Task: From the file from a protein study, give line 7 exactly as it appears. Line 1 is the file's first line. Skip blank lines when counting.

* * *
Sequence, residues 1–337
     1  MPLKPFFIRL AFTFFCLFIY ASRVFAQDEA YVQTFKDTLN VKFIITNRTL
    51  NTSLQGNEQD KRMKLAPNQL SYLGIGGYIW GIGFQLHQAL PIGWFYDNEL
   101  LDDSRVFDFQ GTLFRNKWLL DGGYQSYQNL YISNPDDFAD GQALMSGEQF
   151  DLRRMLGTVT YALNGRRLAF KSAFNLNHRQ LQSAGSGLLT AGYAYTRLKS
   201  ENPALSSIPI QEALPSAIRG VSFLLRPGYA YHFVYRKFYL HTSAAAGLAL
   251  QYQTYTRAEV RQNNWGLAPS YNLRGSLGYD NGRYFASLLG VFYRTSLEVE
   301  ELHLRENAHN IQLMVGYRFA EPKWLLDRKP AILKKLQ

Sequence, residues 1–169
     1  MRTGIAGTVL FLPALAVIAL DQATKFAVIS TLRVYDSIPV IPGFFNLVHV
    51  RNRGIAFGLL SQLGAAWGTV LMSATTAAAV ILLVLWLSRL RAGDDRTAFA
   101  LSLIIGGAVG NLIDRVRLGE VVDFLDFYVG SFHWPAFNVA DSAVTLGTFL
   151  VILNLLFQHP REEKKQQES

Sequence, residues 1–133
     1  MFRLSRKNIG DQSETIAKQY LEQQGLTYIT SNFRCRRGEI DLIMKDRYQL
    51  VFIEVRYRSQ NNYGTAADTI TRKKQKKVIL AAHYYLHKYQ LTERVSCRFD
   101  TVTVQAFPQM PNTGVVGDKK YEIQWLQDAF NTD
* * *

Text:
   251  QYQTYTRAEV RQNNWGLAPS YNLRGSLGYD NGRYFASLLG VFYRTSLEVE